The conversational actions of reformulating and mirroring constitute some of the core intervention techniques of psychotherapy. The purpose of the present study was to investigate the way in which therapists in cognitive-behavioral (CBT) and psychodynamic therapy (PDT) use reformulating and mirroring strategies to return patients' prior talk and how their differential usage can be viewed in light of the respective manualized recommendations. A mixed methods approach was applied using qualitative data that derived from a RCT. The data collection consisted of 200 excerpts assembled from both treatment conditions. The method of Conversation Analysis was used to determine the practices that accomplished instances of reformulating and mirroring, and to examine their distinct implications for subsequent talk. The quantitative analysis revealed that cognitive-behavioral therapists are significantly more likely to use reformulations, which is in harmony with what is suggested in CBT's treatment manuals. Psychodynamic therapists' frequent use of transformative formulations is, by contrast, unexpected in regard to the suggestions of the treatment protocol, as these interventions steer toward topical closure. Compared to the CBT condition, psychodynamic therapists were still significantly more likely to rely on mirroring strategies, which are in line with PDT's theoretical preference. Our findings raise the question whether alleged differences in treatment styles, as they are imposed by RCT methodology, are actually tangible in manual-guided clinical practice.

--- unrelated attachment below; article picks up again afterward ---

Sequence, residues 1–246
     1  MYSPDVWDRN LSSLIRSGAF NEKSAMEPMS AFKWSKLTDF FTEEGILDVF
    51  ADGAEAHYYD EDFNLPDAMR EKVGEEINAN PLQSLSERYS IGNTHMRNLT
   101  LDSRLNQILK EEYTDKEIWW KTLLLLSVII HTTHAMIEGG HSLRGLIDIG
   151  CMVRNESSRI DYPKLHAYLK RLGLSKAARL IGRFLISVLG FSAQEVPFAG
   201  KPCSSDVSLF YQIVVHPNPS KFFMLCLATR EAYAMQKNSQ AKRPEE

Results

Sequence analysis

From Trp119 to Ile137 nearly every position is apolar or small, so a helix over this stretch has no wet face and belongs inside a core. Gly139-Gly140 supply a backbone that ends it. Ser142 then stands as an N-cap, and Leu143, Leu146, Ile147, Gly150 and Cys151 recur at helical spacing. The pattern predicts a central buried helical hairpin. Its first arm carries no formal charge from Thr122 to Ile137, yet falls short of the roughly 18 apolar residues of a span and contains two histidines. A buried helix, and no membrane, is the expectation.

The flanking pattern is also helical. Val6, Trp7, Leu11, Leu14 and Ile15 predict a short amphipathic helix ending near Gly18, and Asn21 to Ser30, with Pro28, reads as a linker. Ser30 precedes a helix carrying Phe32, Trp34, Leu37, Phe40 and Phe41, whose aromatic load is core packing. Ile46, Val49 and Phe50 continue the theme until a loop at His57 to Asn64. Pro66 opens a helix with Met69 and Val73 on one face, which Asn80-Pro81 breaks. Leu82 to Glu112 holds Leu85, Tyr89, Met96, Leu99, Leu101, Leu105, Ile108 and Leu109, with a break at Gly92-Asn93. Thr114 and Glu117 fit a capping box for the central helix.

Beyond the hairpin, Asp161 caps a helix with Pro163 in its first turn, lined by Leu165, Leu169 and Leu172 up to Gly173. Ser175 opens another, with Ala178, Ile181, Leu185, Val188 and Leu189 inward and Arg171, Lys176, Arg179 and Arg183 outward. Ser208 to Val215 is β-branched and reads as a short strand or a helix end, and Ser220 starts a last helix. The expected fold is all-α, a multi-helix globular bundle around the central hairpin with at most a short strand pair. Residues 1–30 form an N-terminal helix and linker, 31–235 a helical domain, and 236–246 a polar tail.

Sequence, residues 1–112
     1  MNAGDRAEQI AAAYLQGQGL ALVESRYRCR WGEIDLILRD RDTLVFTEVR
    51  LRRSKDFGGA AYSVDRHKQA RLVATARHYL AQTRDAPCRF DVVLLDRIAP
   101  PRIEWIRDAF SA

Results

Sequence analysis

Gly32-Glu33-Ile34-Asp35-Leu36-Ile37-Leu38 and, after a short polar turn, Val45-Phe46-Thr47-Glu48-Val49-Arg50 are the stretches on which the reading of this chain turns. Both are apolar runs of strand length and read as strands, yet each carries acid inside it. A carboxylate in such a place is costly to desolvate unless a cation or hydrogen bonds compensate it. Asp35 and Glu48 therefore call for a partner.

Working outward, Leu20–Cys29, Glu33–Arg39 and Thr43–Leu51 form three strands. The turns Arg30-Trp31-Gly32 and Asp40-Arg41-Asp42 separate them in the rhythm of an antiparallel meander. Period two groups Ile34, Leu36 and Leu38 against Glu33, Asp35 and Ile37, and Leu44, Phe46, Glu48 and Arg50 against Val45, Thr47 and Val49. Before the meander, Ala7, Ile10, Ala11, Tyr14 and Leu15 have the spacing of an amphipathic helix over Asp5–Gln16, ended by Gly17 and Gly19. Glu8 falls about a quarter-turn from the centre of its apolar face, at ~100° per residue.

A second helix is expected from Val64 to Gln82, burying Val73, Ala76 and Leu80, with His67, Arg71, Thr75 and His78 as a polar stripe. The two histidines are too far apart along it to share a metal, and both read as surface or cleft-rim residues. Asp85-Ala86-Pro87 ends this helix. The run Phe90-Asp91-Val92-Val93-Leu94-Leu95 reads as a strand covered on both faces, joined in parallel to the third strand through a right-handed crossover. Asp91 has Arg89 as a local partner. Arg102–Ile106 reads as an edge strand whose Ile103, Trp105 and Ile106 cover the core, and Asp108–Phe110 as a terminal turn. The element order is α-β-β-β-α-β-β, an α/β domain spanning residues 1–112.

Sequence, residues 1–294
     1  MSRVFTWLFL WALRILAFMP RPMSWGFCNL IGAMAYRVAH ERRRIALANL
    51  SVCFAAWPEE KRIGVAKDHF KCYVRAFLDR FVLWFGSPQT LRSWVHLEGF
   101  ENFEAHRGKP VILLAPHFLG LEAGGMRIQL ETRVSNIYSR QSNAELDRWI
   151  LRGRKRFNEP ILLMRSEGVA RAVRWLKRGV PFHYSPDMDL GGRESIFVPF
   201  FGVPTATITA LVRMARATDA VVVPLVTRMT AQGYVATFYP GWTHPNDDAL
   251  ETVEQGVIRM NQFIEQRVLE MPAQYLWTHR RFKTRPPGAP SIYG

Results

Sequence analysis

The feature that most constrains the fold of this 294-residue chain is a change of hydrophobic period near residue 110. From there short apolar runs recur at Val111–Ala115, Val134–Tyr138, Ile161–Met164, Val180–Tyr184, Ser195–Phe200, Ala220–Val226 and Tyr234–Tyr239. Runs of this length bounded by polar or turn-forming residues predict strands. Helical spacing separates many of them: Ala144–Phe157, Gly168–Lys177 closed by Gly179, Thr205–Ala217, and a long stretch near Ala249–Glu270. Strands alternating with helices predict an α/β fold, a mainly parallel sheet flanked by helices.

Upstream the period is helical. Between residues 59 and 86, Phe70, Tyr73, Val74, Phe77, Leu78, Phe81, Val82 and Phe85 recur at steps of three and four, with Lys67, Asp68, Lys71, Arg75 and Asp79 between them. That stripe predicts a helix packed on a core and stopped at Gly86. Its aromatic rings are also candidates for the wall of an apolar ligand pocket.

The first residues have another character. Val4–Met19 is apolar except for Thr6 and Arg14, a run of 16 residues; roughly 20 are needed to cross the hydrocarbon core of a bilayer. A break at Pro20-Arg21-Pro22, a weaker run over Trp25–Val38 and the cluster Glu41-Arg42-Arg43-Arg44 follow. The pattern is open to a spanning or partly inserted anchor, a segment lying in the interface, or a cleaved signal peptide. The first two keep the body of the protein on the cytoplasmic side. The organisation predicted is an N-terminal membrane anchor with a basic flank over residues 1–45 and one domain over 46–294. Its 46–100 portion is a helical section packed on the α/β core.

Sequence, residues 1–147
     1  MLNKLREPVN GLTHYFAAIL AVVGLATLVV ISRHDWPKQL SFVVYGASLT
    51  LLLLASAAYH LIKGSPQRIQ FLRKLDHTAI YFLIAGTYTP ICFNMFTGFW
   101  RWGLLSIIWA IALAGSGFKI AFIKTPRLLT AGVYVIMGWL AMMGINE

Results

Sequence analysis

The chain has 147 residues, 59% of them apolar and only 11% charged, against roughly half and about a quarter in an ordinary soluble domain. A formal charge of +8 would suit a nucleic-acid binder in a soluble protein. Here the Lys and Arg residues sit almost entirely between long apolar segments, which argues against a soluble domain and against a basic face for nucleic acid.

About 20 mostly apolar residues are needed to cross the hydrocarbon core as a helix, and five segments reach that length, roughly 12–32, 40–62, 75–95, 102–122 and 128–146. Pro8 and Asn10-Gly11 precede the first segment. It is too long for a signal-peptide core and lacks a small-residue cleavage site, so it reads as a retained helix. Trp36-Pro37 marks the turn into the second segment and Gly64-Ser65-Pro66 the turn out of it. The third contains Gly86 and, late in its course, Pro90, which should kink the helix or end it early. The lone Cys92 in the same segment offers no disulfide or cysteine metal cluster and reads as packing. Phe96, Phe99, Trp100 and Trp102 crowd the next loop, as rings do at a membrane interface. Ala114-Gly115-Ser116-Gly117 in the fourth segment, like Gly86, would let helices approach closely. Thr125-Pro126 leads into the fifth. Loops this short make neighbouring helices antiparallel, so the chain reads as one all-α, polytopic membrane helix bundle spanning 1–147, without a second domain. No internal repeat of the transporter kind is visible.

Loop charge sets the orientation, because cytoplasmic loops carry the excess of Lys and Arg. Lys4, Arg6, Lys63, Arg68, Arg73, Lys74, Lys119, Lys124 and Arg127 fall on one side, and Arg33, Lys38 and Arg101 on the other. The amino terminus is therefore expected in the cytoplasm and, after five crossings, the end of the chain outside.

Keywords: RCT; cognitive-behavioral therapy; conversation analysis; mirroring; psychodynamic therapy; psychotherapy process research; reformulating.
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